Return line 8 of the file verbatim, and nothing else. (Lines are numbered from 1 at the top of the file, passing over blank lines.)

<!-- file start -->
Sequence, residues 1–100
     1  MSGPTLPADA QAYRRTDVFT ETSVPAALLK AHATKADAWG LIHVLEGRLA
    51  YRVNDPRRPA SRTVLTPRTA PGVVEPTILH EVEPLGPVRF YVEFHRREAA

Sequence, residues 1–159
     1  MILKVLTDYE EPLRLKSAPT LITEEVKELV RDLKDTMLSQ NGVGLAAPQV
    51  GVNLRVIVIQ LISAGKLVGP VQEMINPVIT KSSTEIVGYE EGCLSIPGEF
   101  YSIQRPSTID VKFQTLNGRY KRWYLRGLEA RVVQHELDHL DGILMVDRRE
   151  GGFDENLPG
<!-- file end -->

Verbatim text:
   151  GGFDENLPG